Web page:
Reports show that electrocution is one of the leading causes of crane accidents in the US. Hence, crane operators, signalers, and riggers need to stay highly vigilant and careful when operating a crane around electricity lines.
Crane safety is essential to ensure smooth project completion and workplace safety. Codes and regulations are built to keep employees safe from unsafe crane operation sites. However, hazards such as exposed electricity lines can lead to unfortunate mishaps.
Crane Warning Systems Atlanta is the most prominent and highly credible crane safety products distributor in the US. We strive to help crane owners and operators learn about crane safety products such as RCI, LMI, and crane wind speed indicators. In this blog, we have highlighted the key electricity hazards for crane operators.
Energized cranes are a leading cause of worker injuries. Cranes are generally made of metal components and are, therefore, highly electric conductors. An exposed electrical line might collide with a crane part such as the hoist or jib, causing the current to pass through.
This contact often occurs when a crane operates too close to a major electricity grid. Riggers and crane operators are the two most vulnerable victims since they guide and navigate the equipment. Energized cranes and the risks around them can be easily mitigated by nullifying the power lines during crane operations.
Inadequate Distance Causing Impact
OSHA recommends that crane operators maintain at least 10 feet between the equipment and power lines. Even the smallest types of cranes, such as mobile cranes, must be installed away from PMTs and wires.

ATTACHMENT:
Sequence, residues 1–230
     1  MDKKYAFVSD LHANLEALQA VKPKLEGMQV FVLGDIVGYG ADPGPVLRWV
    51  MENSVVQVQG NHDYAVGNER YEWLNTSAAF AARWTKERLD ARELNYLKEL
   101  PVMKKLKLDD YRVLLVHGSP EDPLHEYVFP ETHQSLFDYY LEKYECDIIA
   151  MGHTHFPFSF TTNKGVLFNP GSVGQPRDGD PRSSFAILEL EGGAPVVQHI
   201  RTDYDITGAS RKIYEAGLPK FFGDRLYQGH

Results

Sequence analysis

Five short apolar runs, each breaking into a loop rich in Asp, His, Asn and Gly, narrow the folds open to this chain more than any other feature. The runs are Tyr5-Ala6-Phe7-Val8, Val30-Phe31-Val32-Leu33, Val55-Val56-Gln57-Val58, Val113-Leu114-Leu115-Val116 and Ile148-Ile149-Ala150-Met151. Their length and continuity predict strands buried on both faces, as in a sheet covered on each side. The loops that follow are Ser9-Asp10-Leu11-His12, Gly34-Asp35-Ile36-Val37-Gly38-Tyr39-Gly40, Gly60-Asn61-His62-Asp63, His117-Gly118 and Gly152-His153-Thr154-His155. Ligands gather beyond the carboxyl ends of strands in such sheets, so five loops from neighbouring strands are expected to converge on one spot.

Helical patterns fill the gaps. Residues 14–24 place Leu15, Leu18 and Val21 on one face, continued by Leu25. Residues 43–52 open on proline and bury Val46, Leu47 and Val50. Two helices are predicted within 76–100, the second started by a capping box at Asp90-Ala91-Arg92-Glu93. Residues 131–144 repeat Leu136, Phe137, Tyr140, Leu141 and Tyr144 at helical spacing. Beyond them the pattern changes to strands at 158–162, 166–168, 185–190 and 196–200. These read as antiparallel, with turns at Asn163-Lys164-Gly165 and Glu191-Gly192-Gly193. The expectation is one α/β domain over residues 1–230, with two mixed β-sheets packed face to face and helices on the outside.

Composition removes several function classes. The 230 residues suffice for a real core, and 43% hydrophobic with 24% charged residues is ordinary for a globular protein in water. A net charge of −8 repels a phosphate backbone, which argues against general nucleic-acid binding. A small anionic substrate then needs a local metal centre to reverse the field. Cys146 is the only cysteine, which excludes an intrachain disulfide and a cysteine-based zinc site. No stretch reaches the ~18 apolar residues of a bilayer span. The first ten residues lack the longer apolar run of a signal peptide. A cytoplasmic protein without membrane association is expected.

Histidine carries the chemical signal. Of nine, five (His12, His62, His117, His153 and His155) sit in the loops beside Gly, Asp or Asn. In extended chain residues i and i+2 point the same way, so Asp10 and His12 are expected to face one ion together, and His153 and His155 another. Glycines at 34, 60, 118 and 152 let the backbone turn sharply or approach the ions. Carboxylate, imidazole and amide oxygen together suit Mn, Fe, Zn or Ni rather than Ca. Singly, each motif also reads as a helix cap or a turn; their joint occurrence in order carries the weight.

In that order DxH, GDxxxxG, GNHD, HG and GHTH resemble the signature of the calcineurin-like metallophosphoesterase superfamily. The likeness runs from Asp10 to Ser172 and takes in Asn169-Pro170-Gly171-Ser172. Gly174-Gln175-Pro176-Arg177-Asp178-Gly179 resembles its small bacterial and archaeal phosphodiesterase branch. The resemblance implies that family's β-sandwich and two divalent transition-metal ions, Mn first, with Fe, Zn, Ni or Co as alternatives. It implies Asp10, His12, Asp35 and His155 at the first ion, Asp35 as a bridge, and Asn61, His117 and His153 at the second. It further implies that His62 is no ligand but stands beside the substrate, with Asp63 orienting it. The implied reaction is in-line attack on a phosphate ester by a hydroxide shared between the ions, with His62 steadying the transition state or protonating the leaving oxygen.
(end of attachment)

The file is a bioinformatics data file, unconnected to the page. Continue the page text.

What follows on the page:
You should minimize electrocution risks by removing or temporarily turning off the electricity supply in the area. Instead, install LED and battery-powered lights to ensure sufficient visibility at the worksite. We recommend project managers talk to workers and unions before starting a rigging operation.
OSHA’s main codes for crane safety around power lines include:
Line Clearance Distance:
Stipulated in the 29 CFR 1910.269, this code states that all kinds of crane equipment must operate at 10 or more feet distance from power lines. Preventing energized equipment requires 10.4 feet distance per 10 kilovolts.
Safe Working Clearance Distance:
Crane equipment’s safe working distance ensures that lifted material doesn’t collide with power lines during loading and unloading. Determine the safe clearance distance by first calculating your crane’s maximum radius and reach capacity.
In addition to the above-mentioned codes, OSHA advises crane owners and project managers to properly train and test the employees before assigning critical crane duties.
How Can Crane Warning Systems Atlanta Help You?
At Crane Warning Systems Atlanta, we are all about maximizing crane safety and crane operators’ wellbeing. Our team is dedicated to offering the most well-rounded, high-quality set of products that includes RCI, LMI, and crane wind speed indicators.